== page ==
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Why the Sumatra earthquake was so severe

Thu, 25 May 2017 14:15:47 EDT ~ An international team of scientists has found evidence suggesting the dehydration of minerals deep below the ocean floor influenced the severity of the Sumatra earthquake, which took place on Dec. 26, 2004. Find out more...

The birth and death of a tectonic plate

Wed, 24 May 2017 15:26:28 EDT ~ A new technique to investigate the underwater volcanoes that produce Earth's tectonic plates has been developed by a geophysicist. Find out more...

Going with the flow: The forces that affect species' movements in a changing climate

Wed, 24 May 2017 08:45:03 EDT ~ Ocean currents affect how climate change impacts movements of species to cooler regions. A new study provides novel insight into how species' distributions change from the interaction between climate change and ocean currents. Find out more...

Transforming how complex marine data is synthesized

Tue, 23 May 2017 14:41:13 EDT ~ Scientists are transforming how complex marine data from the Ocean Health Index is synthesized, communicated and used for coastal management. Find out more...

Weathering of rocks a poor regulator of global temperatures

Tue, 23 May 2017 08:20:09 EDT ~ Evidence from the age of the dinosaurs to today shows that chemical weathering of rocks is less sensitive to global temperature, and may depend on the steepness of the surface. The results call into question the role of rocks in setting our planet's temperature over millions of years. Find out more...

Sea level as a metronome of Earth's history

Fri, 19 May 2017 08:36:31 EDT ~ Sedimentary layers contain stratigraphic cycles and patterns that precisely reveal the succession of climatic and tectonic conditions that have occurred over millennia. Researchers have been working on an analytical method that combines observing deep-water sedimentary strata and measuring in them the isotopic ratio between heavy and light carbon. They have discovered that the cycles that punctuate these sedimentary successions are ascribable to sea level changes. Find out more...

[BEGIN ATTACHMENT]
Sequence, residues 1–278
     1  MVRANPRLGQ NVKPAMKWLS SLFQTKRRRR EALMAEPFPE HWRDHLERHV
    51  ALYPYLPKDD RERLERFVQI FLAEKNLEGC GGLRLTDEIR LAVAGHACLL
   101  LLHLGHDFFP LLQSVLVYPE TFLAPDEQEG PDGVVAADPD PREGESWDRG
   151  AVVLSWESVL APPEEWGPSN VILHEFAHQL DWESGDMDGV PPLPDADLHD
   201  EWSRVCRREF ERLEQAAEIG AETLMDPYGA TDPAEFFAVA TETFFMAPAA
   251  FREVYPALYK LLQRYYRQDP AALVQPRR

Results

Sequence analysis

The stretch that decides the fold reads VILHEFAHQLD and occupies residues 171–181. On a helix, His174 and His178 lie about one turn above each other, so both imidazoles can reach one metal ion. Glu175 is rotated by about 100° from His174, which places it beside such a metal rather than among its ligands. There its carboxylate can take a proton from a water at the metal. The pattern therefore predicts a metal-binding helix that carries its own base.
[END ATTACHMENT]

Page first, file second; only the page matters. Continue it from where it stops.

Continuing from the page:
Iron deficiency restrains marine microbes

Fri, 19 May 2017 08:36:28 EDT ~ Iron is a critical nutrient in the ocean. Its importance for algae and the nitrogen cycle has already been investigated in detail. Now a new discovery shows that microbes also need iron to process phosphorus. A team of researchers has completed a study showing that iron can limit phosphorus acquisition in the ocean. Their study contributes to knowledge of nutrient cycling in the ocean. Find out more...

GIS: A powerful tool to be used with caution

Thu, 18 May 2017 10:40:12 EDT ~ A recent study provides a new perspective on the severe impacts of escalating climate change on the heritage resources of Canadian Arctic. Referring to the application of Geographic Information System analytical methods in assessing the threat of shoreline erosion to archaeological sites, it details steps taken to review the quality of the GIS model in light of a discrepancy with rates observed during actual survey visits. Find out more...

Thu, 18 May 2017 08:30:39 EDT ~ Temperatures in the Arctic are increasing twice as fast as in the rest of the globe, while the Antarctic is warming at a much slower rate. A new study shows that land height could be a 'game changer' when it comes to explaining why temperatures are rising at such different rates in the two regions. Find out more...

Fate of marine carbon in last steps toward sequestration

Wed, 17 May 2017 13:25:56 EDT ~ New research explains how an ancient group of cells in the dark ocean wrings the last bit of energy from carbon molecules resistant to breakdown. Find out more...